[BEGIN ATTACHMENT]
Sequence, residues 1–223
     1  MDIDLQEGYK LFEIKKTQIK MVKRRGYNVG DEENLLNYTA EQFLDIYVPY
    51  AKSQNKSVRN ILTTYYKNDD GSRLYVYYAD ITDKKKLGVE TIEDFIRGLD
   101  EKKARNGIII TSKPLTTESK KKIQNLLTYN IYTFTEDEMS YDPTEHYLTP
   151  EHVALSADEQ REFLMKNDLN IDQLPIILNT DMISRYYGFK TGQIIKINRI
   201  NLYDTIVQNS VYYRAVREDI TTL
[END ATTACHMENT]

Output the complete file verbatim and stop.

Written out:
Sequence, residues 1–223
     1  MDIDLQEGYK LFEIKKTQIK MVKRRGYNVG DEENLLNYTA EQFLDIYVPY
    51  AKSQNKSVRN ILTTYYKNDD GSRLYVYYAD ITDKKKLGVE TIEDFIRGLD
   101  EKKARNGIII TSKPLTTESK KKIQNLLTYN IYTFTEDEMS YDPTEHYLTP
   151  EHVALSADEQ REFLMKNDLN IDQLPIILNT DMISRYYGFK TGQIIKINRI
   201  NLYDTIVQNS VYYRAVREDI TTL